Nittany Lion 2It was a long, demanding drive down I-270, which climbs a long hill on its way out of Frederick and then proceeds through countryside, eventually traversing the numerous northwest suburbs of DC that are home to big organizations like IBM, Boeing, Hughes, etc. It's a six-lane road, but the traffic confined itself to a single lane, except when someone moving too slowly forced a second lane to open up.

I-270 dumps into I-495, the capitol beltway. Same story there, one or two lanes on a four-lane highway. By this time the snow had accumulated quite a bit. It was wet and had gotten really, really slick. Several unfortunate motorists had slid off to the left side. This included a large tractor trailer, which made for a dangerous, slow traverse. (Sorry, no photos - I was a bit occupied.) This almost became my fate. Trick is, they slope the freeway a lot at that particular segment so the slightest screw up can put you into a skid. I think I was moving just a bit too fast when I hit clump of snow - I was sliding to the left, toward the wall, and the car was not responding to the steering wheel. No brakes, no gas, just sliiiiide and wait for the front wheels to take. At the last possible moment, the front wheels did take and I began to move off the right - at least I wouldn't end up scruffing up the left side of my car.

At that point I conceded that a bit more patience and single file for awhile might be the order of the moment. From that point on, though, I made sure I was well up on any slopes as I came into them. This was the first real trouble I'd had with the actual pavement, and I had made it to about three miles from home.

Finally, my exit appeared and I prepared myself for what might be the diciest part of the trip. After a clean exit I approached the turn for my subdivision - a fairly steep incline that runs for about 40 feet. Two cars had had a small collision at the bottom and were blocking the road. No way to get around them. I had to go a block further and attempt an approach up another street - this one a back street that surely had not been plowed. My gambit paid off and I arrived chez moi around 8:15 p.m. - about 5 hours after I had started.

The Mini's performance

We've had the Mini for a little over a year and have been very pleased with the way it drives. This adventure confirms that the Mini is a treasure in dicey weather. (For the curious, it's a 2007 Mini Cooper, auto-manual transmission.) It has a very smart transmission algorithm even in automatic mode and a set of paddles on the steering wheel to allow up- and down-shifting with both hands on the wheel. When the snow got serious I moved the lever into manual mode, which engages a much more rigorous shifting regime that stays longer in each gear and yields a lot of control.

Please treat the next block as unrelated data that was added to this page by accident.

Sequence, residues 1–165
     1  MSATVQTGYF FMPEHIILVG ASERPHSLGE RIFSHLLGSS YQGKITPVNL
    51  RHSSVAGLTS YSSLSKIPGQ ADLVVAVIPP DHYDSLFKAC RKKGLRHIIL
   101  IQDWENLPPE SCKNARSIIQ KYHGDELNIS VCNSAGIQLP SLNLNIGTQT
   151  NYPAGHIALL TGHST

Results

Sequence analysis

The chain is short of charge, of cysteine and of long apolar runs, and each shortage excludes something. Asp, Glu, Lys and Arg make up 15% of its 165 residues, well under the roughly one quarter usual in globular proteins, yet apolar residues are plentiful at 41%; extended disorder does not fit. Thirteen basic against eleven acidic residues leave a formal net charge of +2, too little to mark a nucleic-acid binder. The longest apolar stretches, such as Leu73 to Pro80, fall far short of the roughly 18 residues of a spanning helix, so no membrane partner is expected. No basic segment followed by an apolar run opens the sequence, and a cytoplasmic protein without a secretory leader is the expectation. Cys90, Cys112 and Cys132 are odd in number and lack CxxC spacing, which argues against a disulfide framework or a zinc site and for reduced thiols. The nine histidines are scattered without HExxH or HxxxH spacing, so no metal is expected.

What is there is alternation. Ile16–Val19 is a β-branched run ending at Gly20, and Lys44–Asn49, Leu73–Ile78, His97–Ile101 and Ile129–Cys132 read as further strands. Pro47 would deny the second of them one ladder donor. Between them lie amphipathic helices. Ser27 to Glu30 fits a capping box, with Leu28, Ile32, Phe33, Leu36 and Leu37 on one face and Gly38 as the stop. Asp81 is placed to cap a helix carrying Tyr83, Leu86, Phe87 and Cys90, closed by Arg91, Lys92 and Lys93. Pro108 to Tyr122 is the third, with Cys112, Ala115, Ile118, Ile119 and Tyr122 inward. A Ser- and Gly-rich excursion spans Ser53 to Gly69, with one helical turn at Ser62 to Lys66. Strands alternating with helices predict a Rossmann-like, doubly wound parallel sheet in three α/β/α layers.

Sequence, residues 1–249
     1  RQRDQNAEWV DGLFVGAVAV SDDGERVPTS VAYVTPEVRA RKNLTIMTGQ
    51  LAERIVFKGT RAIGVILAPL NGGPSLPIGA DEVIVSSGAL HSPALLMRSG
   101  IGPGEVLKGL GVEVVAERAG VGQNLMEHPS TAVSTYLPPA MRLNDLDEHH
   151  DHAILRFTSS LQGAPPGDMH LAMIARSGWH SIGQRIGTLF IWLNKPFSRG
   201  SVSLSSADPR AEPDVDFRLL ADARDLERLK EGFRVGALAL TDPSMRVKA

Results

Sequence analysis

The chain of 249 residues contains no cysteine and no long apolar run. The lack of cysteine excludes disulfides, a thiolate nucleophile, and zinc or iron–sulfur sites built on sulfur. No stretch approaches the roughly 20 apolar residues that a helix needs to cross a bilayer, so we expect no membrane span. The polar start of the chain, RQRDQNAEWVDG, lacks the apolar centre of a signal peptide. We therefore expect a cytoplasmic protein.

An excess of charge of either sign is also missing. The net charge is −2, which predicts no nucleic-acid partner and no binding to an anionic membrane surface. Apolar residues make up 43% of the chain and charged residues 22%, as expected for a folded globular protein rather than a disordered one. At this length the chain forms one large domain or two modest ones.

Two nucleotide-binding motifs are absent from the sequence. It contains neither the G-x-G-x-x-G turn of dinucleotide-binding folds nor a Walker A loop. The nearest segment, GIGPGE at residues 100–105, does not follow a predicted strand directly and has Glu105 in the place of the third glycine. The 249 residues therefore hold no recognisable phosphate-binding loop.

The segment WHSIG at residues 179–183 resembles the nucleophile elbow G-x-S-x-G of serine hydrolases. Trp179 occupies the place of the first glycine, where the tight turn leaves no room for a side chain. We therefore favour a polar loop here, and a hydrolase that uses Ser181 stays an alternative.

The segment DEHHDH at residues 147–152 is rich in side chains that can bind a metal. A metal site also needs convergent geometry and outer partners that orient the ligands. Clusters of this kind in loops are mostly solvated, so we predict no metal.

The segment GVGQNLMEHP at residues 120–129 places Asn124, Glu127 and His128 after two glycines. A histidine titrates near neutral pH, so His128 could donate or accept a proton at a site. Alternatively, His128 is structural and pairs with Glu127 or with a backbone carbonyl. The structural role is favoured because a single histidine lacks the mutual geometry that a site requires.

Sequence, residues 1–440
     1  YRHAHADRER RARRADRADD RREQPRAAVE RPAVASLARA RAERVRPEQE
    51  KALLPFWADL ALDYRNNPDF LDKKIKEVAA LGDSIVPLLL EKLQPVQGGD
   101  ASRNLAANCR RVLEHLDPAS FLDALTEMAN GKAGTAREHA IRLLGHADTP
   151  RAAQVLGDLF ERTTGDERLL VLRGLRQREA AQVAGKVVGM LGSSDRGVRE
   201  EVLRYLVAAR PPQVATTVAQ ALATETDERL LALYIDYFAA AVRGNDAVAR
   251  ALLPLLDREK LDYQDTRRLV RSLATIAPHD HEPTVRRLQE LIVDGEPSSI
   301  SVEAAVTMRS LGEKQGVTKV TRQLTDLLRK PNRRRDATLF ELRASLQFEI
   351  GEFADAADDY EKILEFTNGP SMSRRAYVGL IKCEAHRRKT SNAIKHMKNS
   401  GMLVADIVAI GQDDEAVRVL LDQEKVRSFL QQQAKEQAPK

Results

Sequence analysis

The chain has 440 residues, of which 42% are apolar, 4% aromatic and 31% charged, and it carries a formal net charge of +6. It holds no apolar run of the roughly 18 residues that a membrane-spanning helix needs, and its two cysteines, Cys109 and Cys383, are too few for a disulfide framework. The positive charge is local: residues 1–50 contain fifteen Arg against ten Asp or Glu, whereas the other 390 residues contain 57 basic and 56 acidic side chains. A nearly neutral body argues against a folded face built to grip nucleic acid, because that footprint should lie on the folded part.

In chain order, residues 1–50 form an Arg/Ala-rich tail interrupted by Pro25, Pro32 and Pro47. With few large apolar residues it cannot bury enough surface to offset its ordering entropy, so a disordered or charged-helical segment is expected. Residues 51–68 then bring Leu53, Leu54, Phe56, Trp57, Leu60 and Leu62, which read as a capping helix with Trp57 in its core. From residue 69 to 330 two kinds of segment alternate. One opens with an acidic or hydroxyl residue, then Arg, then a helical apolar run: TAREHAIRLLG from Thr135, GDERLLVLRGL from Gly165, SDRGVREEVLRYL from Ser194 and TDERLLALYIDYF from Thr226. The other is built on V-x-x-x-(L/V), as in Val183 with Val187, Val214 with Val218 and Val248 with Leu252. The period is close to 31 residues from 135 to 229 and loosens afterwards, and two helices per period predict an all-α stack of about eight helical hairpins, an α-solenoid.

Most impressive was traction up long hills. Buggah just kept going. One great feature is a small light that comes on right in the middle of the instrument panel whenever the wheels start to spin. Getting the visual feedback in real time was crucial for getting up the final hill - I was able to lay off enough to let the traction bite. Brilliant.


I didn't have to make this trip. The folks at PSU would undoubtedly have understood and rescheduled for another time. On the other hand, it seemed to me that it was now or never for this particular meeting. Why ? dunno. Has to do with a lot of imponderables connected to the timing of things presently unknown, probably.

There's something about following an intuition in the face of daunting circumstances that acknowledges the best in us. I don't know what the results of this visit will be - time will tell. But I knew it was the right trip at the right time. And making it home based on my best judgment of what would be necessary was a confirmation of my capacity to make evaluations in real time. We know these things in principle, I think, but having them verified in practice adds them to the experience base, which we draw upon later - next time we have to make a judgment call.

Intuition doesn't rely on experience, although it's a factor. Following an intuition, however, often requires drawing on the deepest levels of the experience base in order to bring forth a successful result. When it does there's a sense of satisfaction like nothing else.